Guildford Aquatic Centre Indoor Expansion
The Guildford Aquatic Centre is a 75,000 sq.ft. expansion of the existing Guildford Recreation Centre and comprises an 8-lane Olympic-sized swimming pool, springboard diving, a leisure pool with waterslide, lazy river and spray features, as well as a hot tub, children’s area, fitness and weight room.
Employing Autodesk Revit MEP during design afforded significant improvements in the design team’s ability to coordinate between the various disciplines, providing information on interferences to a level that was impractical in normal AutoCAD designs. This proved extremely valuable in coordinating the HVAC system within the natatorium with structural and lighting elements to achieve a clean, unobtrusive appearance. It also enabled the design team to review in greater detail the impact of the new building and mechanical systems on the existing building elements. The HVAC design uses heat recovery coils on exhaust air streams wherever practical and moves recovered heat, via a pair of high efficiency heat recovery chillers, to areas of the system that are demanding heat. Condensing boilers back up the building’s heating system.
As AME standard practice, a matrix approach was employed to determine the best pool filtration and treatment configuration for the facility. Coupling our experience with end-user feedback, familiarity and budget, as well as system availability, the approach provides a path for all participants in the decision process to reach consensus on the appropriate design direction. For this facility, this process resulted in liquid chlorine, regenerative media filters and ultraviolet (UV) reactors. The facility’s filtration system uses regenerative filters and perlite filter media resulting in the highest water quality currently achievable among pool filtration systems. This system not only reduces water consumption but also achieves lower operating costs.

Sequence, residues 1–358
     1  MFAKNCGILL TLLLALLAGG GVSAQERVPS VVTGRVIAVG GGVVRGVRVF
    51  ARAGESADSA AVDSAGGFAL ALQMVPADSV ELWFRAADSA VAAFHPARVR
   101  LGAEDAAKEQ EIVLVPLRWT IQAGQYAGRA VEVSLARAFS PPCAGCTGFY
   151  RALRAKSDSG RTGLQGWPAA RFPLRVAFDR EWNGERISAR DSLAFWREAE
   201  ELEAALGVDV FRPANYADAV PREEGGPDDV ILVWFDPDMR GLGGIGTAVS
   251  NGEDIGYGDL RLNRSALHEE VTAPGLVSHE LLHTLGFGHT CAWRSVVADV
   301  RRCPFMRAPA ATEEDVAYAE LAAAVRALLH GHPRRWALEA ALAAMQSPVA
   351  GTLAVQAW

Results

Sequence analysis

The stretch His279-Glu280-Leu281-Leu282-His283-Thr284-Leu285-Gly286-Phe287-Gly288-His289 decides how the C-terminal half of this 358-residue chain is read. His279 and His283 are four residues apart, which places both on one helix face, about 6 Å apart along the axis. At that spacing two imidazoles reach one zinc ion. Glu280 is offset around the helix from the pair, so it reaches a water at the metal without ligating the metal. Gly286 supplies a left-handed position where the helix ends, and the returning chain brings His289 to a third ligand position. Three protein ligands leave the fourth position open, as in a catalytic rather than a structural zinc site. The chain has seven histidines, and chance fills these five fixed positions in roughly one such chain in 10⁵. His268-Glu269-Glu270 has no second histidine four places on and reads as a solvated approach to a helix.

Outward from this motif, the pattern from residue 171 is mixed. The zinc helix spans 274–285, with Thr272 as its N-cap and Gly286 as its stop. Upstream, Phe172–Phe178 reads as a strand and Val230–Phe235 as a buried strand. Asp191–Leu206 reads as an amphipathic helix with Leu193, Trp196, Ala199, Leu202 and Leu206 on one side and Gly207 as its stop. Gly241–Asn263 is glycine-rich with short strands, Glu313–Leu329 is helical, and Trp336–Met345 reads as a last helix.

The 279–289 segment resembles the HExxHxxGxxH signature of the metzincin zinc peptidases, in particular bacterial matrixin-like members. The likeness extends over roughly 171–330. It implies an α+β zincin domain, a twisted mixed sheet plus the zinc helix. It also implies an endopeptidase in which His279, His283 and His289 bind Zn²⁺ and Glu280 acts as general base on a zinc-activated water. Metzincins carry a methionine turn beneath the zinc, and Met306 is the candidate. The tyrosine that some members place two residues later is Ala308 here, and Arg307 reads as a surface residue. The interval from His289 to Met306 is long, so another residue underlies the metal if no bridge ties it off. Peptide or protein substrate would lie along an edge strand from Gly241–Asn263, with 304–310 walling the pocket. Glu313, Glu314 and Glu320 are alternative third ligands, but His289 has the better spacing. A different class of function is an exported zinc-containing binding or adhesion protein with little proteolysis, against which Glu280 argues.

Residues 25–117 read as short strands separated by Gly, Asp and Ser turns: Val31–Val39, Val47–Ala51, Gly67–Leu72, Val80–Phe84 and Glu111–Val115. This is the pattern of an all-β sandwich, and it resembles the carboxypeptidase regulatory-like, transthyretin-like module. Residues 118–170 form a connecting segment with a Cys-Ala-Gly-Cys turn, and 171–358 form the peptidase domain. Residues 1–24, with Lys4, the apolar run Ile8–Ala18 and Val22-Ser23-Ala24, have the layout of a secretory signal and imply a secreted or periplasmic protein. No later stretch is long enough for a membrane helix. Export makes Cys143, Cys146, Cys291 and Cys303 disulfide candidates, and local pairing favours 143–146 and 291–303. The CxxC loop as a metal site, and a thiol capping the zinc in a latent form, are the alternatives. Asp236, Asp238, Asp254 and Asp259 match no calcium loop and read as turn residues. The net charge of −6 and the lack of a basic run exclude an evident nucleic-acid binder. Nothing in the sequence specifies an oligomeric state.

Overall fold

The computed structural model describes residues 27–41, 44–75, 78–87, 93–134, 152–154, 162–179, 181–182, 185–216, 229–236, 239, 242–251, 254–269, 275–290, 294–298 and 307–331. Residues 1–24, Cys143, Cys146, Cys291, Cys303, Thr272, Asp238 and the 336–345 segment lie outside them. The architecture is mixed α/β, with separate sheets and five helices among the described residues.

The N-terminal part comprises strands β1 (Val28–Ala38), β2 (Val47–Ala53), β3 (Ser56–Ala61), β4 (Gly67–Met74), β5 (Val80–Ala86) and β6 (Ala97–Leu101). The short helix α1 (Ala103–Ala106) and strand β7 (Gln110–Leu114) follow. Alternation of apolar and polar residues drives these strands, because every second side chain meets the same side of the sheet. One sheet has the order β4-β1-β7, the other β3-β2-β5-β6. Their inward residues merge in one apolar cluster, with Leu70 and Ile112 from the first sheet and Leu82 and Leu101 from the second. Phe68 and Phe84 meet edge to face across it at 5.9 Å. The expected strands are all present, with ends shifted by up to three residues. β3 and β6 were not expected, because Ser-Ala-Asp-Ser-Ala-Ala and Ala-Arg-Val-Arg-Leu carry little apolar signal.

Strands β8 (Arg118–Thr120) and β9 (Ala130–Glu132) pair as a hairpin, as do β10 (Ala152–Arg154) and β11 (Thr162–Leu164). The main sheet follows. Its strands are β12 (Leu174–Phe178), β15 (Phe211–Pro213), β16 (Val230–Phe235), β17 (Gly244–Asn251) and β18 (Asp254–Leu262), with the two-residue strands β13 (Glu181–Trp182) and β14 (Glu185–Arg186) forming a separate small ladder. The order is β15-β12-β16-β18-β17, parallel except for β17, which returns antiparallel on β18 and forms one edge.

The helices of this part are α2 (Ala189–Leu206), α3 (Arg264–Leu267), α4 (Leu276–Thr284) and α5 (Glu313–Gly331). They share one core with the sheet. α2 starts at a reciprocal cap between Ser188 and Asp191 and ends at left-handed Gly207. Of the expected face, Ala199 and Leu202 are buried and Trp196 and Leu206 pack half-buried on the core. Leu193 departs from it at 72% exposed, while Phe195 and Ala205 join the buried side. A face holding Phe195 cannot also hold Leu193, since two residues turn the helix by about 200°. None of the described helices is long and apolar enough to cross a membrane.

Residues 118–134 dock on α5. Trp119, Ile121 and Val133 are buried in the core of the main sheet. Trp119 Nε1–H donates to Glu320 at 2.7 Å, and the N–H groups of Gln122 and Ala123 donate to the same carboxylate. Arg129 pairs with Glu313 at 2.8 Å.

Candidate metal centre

A growing concern in the industry is the presence of chloramines in the pool environment. Guildford’s design provides a two-prong approach to address concerns of chloramine presence. To reduce the concentration of chloramines in the pool water, UV light is used and performs as a secondary disinfectant since it reacts with and destroys chloramines still dissolved in the pool water. Chloramine concentration in the pool hall is reduced through air exhausted from the pool gutter drain. Being one of the lowest points in the pool system, this lends itself well to removing chloramines, which are heavier than air. Supply air is provided both at high and low level – high level ventilation washes the natatorium structure and windows; low level displacement ventilation provides effective make-up air for the gutter exhaust system.
This facility expansion was constructed while the existing Recreation Centre and parking remained fully operational.